This Space Available (In the landfill) *Activity Blog*

After watching This Space Available last week, it got me thinking about not only the visual pollution and energy waste created by the billboards, but also the physical waste.

Billboards (non-digital ones) are made with vinyl, something that does not biodegrade. Almost 10,000 tons are thrown away every year, according to this site. All of that vinyl takes up space in landfills, and never goes away; it just sits there. What I liked about the site I found that discussed it is that they turn the vinyl into backpacks, recycling it for a better purpose. What was really interesting to me was that I couldn’t find a definite number on google on the amount wasted every year except for on the site that was marketing the re-used vinyl; I thought that was really strange, and wondered if people haven’t looked into this issue.

This Space Available was a thought-provoking documentary on visual pollution. It certainly was never something I thought about before. The fact that the visual pollution extends to energy and solid waste pollution as well just goes to show how interconnected everything in the world is today. I, for one, would welcome getting rid of billboards, as they are very distracting on the road, but I don’t think that’s going to happen any time soon here in the US.

This is Annika, signing off her activity blog.


3 Responses to “This Space Available (In the landfill) *Activity Blog*”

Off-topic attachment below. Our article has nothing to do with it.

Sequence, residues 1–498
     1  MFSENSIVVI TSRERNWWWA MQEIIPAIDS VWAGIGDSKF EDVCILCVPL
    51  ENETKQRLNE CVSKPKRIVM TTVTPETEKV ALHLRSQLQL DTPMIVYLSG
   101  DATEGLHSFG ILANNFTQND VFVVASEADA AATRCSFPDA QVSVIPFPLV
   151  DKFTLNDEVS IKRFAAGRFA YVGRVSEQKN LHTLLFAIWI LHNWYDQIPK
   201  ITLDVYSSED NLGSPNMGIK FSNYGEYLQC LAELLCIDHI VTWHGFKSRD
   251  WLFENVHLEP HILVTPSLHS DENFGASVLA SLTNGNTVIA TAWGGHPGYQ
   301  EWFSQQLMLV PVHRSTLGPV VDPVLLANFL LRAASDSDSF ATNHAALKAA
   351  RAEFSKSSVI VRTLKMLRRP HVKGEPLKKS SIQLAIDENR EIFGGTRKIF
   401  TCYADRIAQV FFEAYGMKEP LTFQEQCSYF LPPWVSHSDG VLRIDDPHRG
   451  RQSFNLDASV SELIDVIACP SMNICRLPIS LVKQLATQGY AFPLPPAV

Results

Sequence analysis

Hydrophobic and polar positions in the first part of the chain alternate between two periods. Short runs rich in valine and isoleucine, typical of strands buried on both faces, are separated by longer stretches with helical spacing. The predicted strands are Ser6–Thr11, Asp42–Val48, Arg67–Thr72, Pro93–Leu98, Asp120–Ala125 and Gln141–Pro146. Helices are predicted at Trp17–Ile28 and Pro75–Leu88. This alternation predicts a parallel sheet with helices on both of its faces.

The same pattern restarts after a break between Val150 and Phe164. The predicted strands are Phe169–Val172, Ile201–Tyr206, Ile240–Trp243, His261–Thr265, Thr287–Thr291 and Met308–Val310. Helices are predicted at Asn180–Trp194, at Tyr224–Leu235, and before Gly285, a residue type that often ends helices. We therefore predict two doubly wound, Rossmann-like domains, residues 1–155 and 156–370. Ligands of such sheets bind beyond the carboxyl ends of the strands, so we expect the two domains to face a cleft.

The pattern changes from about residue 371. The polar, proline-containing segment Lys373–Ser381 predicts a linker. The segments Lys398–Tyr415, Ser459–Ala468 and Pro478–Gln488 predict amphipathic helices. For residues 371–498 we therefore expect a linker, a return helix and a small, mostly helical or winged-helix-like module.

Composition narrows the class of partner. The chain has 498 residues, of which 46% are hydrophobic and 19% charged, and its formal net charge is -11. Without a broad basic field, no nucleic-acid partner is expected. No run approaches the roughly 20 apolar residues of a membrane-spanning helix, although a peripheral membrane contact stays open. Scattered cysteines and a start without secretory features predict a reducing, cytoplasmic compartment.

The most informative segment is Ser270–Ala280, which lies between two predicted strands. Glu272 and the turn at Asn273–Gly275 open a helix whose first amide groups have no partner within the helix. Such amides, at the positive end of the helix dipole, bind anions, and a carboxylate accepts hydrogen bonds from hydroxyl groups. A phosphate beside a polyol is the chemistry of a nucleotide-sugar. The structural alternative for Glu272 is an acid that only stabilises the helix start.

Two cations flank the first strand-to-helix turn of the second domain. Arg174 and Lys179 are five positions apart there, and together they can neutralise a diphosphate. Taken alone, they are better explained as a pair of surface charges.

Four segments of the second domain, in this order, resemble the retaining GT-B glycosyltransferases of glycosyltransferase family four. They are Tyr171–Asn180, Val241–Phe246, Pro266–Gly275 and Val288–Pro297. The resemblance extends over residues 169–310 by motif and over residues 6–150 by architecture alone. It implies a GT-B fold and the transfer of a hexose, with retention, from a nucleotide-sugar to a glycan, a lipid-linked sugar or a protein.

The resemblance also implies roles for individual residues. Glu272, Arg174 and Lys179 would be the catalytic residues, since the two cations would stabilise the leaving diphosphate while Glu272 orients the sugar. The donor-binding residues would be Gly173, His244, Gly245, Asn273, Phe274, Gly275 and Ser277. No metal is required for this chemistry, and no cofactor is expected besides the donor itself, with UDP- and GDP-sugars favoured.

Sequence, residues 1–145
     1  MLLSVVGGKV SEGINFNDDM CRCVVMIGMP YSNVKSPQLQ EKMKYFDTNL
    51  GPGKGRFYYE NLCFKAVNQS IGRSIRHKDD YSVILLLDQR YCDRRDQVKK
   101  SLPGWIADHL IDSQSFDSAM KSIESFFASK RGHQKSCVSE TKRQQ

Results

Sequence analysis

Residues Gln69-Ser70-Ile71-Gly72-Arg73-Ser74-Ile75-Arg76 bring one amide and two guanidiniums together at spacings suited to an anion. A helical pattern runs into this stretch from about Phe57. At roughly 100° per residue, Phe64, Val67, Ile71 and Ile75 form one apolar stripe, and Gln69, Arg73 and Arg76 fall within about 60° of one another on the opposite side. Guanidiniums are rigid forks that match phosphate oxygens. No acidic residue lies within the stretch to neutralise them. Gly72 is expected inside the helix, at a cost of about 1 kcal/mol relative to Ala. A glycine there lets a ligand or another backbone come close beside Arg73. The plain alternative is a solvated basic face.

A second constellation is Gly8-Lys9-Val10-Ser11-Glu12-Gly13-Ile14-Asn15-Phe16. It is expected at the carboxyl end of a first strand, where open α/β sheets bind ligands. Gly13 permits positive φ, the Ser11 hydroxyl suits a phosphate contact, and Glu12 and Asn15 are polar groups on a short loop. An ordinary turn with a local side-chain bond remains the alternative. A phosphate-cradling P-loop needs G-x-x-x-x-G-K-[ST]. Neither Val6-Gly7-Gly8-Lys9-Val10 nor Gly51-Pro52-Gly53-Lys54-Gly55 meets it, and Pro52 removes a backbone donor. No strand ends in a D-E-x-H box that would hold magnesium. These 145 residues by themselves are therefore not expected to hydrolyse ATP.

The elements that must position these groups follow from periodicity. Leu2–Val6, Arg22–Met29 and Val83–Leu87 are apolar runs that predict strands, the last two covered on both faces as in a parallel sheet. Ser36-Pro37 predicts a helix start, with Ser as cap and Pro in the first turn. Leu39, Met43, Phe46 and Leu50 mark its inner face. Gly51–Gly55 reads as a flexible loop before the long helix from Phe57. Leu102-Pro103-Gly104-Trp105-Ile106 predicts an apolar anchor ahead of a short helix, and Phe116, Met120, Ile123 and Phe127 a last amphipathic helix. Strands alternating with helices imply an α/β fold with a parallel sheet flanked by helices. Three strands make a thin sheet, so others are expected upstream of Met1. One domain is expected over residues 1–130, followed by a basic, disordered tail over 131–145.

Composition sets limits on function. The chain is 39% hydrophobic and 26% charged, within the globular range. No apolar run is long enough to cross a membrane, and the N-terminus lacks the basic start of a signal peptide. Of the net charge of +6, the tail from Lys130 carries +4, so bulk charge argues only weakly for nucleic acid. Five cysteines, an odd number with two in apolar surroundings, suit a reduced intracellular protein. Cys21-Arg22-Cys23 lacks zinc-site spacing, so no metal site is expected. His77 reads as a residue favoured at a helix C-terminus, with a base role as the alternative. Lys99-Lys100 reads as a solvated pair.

1. Dr. Szulczewski says:

    I like how you called this thought-provoking. And it’s true, like what swebb commented, that it just shows you how MUCH there is that we haven’t considered- but should.

  2. mauer says:

    I guess this is a small niche. Vinyl billboard recycling. But it is foolish that people are just throwing it into landfills. Maybe manufacturers of billboards should also be responsible for recycling their own billboards? If we kept them responsible and required businesses to recycle them it might keep billboards out of landfills and cut down on pollution. I think this is, unfortunately, an issue that will never gain big recognition. However, it defiantly should not be ignored.

  3. swebb says:

    Interesting post on something that I (and I’m sure many others) have never really thought about before. Where do all those signs go? There are so many loose ends when it comes to disposing of materials, in my hometown you can still dumb your waste in the river (something that many people do not know though). Vinyl is expensive, I’m shocked that people don’t recycle it more!